DON'T ARGUE WITH THE CAPTAIN
history - interview
THE BEEFHEART / ZAPPA TALK-IN
from england 8 november 1969 MELODY MAKER
frank zappa breezed into london last week in an orange tee-shirt. his aim was to launch the british end of his record label, straight, which will be distributed in this country by cbs. with him was the wondrous captain beefheart (aka don van vliet), star of one of straight's first releases: the double-album 'trout mask replica'.
the legendary captain beefheart is a large, comfortable man of deceptive simplicity. he also has a grey top hat and a warm smile.
it was beefheart's 'safe as milk' album, of course, which led the rock revolution in the balmy days of 1967, shortly after which he made a visit to britain, received with mingled horror and adulation. since then he's been fairly quiet, and there has been only one record - which he considers a failure - to remind us of his presence ('strictly personal' - t.t.).
last week, however, he visited london again - on his way home from the 'actuel festival' [on 291069 in amougies, belgium. see note at the bottom - t.t.], in the company of frank zappa, on whose straight label his amazing new double-lp set 'trout mask replica' is shortly to be available.
beefheart is friendly and approachable, but occasionally obscure. this is, i'm sure, unintentional, but it does tend to make communication difficult. when i asked him if, as rumoured, he intended to make his home in britain, he replied:
i already have one person in britain and one in the states. astral bodies - you understand?
err, well, maybe. but did this intention arise from a disenchantment with american life?
over here you don't have guns - there isn't that kind of sexual hang-up.
at home i live in a house where raccoons come up to the door to listen to the music - i really do. raccoons and coyotes.
i told him i had heard that, while making 'trout mask replica' the band was shut away in his house for weeks on end.
i didn't shut them away. there's no leader in the band; everybody's responsible for themselves.
the entire double-album - which has to be heard to be believed - was conceived, written and recorded in just eight and a half hours, according to beefheart. one of the tracks, 'orange claw hammer', has a tune which bears an uncanny resemblance to the old bob dylan song 'north country blues'.
the captain doesn't seem to have given many live performances in the recent past. would you like to go on the road and play more?
i'm sorry that they put these obstructions up..., or down..., or whatever... - so that people can't hear me giving. it costs a lot of money to go on the road. it really does. i can't afford it. you don't make any money for playing.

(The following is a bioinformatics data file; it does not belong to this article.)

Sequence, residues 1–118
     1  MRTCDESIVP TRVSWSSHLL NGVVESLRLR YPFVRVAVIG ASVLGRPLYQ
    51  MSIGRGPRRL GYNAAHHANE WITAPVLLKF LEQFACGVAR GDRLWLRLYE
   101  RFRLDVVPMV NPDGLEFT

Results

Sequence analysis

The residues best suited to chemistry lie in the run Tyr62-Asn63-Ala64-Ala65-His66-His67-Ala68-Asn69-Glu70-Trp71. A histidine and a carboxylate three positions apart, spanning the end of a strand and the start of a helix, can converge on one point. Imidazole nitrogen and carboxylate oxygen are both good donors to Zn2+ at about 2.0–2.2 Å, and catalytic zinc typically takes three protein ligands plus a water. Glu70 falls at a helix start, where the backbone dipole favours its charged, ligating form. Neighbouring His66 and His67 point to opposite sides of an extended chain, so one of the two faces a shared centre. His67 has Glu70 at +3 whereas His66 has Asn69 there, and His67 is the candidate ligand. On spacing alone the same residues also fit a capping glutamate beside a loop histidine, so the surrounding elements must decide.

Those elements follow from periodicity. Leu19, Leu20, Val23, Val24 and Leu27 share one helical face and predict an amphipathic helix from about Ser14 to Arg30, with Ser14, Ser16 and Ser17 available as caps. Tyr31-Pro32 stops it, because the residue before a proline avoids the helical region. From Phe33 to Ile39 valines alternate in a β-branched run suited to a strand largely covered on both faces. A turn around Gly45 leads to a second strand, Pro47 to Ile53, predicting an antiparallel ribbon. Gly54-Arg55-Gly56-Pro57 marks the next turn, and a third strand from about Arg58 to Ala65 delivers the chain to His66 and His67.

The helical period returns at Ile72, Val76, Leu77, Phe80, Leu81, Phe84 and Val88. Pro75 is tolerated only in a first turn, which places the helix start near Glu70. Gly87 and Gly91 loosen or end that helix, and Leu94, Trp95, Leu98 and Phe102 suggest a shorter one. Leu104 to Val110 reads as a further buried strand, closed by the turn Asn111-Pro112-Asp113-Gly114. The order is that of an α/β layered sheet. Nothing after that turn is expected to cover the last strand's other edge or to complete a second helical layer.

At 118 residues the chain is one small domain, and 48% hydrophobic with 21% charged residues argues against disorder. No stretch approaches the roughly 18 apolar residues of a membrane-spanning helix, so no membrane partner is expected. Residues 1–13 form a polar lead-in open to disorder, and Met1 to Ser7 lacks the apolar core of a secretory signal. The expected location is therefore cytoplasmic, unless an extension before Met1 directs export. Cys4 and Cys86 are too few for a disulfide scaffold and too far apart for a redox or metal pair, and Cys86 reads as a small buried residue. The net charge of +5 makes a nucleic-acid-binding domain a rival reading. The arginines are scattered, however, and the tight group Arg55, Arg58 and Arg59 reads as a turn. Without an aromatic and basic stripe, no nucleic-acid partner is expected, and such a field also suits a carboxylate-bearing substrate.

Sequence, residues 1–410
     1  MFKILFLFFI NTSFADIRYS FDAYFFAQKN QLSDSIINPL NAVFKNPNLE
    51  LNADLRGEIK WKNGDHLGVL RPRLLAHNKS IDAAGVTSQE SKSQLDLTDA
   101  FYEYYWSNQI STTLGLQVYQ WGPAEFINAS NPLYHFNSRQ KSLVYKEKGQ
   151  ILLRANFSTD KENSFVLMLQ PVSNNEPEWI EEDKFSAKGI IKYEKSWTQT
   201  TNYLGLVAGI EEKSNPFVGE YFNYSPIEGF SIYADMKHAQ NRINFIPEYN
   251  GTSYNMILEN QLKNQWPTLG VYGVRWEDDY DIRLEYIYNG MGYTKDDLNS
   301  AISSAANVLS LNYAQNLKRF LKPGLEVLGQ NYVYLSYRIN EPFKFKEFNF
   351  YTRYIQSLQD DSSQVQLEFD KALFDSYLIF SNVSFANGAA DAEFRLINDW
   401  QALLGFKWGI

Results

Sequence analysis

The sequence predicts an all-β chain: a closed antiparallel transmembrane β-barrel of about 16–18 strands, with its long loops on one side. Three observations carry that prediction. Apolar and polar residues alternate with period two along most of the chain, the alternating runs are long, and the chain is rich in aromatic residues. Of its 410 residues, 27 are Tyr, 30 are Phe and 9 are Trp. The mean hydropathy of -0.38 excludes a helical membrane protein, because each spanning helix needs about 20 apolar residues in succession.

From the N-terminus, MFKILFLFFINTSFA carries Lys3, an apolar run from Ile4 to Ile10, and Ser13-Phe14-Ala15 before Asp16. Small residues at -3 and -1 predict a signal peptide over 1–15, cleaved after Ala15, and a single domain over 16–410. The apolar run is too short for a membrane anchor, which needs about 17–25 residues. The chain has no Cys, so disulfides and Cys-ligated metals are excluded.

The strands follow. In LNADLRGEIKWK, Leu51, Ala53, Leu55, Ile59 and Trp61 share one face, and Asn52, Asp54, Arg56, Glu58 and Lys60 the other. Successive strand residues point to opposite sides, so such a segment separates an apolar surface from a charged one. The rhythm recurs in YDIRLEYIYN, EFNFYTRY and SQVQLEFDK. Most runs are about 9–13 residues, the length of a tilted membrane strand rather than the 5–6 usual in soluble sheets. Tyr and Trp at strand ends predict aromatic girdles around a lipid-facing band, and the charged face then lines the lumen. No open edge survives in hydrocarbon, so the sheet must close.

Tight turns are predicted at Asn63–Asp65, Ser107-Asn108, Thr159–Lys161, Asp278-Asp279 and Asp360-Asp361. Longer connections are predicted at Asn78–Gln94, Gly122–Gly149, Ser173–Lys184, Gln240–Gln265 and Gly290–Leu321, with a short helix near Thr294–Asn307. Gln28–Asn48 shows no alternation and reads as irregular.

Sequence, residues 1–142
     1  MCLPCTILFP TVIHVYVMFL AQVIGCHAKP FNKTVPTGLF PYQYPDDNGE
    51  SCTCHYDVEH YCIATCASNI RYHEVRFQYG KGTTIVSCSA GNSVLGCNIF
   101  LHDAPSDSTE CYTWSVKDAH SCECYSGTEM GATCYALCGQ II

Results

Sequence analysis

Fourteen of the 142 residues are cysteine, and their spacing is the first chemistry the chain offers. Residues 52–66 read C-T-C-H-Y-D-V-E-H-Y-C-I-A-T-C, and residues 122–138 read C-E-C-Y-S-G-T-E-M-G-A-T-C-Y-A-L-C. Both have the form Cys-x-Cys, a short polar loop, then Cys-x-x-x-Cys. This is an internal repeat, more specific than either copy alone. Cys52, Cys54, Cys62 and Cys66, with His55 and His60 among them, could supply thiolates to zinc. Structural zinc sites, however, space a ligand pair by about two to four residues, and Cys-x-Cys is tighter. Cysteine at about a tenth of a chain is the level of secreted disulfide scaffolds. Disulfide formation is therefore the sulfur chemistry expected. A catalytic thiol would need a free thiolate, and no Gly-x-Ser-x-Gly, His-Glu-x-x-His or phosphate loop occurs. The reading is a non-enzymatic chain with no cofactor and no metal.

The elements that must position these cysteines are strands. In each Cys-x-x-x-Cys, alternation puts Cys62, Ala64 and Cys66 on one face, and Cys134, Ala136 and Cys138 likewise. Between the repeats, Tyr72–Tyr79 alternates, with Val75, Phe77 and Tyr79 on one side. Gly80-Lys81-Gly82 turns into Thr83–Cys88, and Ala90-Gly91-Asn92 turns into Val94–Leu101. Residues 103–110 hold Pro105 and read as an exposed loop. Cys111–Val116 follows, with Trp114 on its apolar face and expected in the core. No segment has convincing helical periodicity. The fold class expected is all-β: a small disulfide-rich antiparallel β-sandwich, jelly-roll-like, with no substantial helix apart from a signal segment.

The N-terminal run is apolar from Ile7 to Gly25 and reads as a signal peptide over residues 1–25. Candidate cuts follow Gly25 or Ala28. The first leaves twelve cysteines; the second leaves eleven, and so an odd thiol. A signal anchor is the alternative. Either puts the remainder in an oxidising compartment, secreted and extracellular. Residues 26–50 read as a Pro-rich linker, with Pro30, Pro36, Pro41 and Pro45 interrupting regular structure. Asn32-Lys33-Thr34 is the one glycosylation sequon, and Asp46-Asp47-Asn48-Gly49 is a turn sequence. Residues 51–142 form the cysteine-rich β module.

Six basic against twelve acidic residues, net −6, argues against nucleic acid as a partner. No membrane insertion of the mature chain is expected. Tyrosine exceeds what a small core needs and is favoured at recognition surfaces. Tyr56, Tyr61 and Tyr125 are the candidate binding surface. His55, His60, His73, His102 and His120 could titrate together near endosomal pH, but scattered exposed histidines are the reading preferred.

surely, i replied, there are plenty of people who are making a lot of money from going out and working.
yes, but they're wórking. can you name me anybody who's making money from pláying?
therein lies, apparently, the basis of the captain's beliefs.
beefheart is justifiably annoyed at the way his first two albums, 'safe as milk' and 'strictly personal' were produced:
hank secola did a beautiful mix on the first album, but they wouldn't let it out because it was too real. then the tapes for the second album were taken away and really ruined.
i really wonder about mixing. i don't like the idea of it. 'trout mask replica' has a natural sound - as natural as you can get from amplifiers.
he has known frank zappa for a long time - in fact at one time they contemplated forming a group together [instead of the occasional studio sessions as 'the soots' - t.t.] - and i asked him, naively, if he trusted frank more than any other producer.
i don't trust anyone - it puts too much of a burden on them. but you might say i'm happiest with this arrangement.
do you have plans for a new album?
i haven't started anything yet. but it's close..., it's almost there. there'll be more playing on the next elpee. the group had only been together six months when we made this one.
in the other half of thís dual interview FRANK ZAPPA - who doesn't mention beefheart or their 'trout mask replica' joint venture once - provides some memories of the legendary amougies festival, where he had been the 'master of ceremonies':
i asked frank about the 'actuel pop and jazz festival' in belgium, from which he had just returned.
i guess it was more of a political than a musical success. the festival was moved around so much that it was a triumph to get it on at all. it was so disorganised that when all the lights and amplifications worked on the first night, the organisers looked at each other in amazement. they couldn't believe that it was really going to happen.
but i was there. six to twelve hours a night, i was there.
it was very difficult because it was so cold, and in that temperature several things happen to musical instruments: guitar players' fingers get cold, which makes it hard to play, and the strings go out of tune at different levels.
did any of the groups or musicians impress you?
yeah, i really liked 'the nice' [...], and i dug 'colosseum' [...].
2in another interview captain beefheart told about the amougies concert himself...